As Assistant Professor of Political Science at Southwest Missouri State University, Kenneth R. Rutherford’s research interests include international law, international organization, and international security. Rutherford has worked in Africa for the Peace Corps (Mauritania), United Nations High Commissioner for Refugees (Senegal), and the International Rescue Committee (Kenya and Somalia).
In 1993, while working as a Credit Union training officer in southwestern Somalia, Rutherford’s vehicle ran over a landmine, which resulted in the loss of both his legs. In 1995, he co-founded the Landmine Survivors Network (www.landminesurvivors.org), which is a leading member of the Campaign to Ban Landmines, the recipient of the 1997 Nobel Peace Prize. He is also a board member of Physicians Against Landmines (www.banmines.org), which is currently conducting research on low-cost, high-quality prosthetics for amputees in developing countries, and the United Nations Association of the USA Adopt a Minefield (www.landmines.org), which raises funds for mine clearing and victim assistance programs.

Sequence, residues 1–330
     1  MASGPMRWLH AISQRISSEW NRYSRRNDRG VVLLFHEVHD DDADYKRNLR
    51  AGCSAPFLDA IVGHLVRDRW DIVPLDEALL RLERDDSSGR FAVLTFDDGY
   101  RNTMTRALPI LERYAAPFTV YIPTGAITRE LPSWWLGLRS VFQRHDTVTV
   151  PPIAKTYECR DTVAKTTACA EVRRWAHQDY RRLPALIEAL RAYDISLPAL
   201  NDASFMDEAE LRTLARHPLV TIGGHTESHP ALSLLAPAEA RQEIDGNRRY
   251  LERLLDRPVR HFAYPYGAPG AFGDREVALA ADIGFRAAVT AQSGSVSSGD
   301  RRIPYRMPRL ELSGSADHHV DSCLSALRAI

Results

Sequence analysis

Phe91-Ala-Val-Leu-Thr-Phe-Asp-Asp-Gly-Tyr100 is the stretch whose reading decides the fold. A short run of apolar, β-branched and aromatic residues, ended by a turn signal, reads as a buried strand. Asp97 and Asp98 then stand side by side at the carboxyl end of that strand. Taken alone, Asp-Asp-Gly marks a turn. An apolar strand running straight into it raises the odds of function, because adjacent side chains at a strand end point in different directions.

Rutherford has worked as a landmine consultant in Bosnia for the United States Agency for International Development in 1997 and the United States Department of Defense - Special Operations and Low Intensity Conflict in 1998, and for the United States Office of Foreign Disaster Assistance as a mine awareness trainer for American NGOs conducting complex emergency operations. In August 1997, he hosted Diana, Princess of Wales, in Bosnia, where he escorted her to meet Bosnian landmine survivors.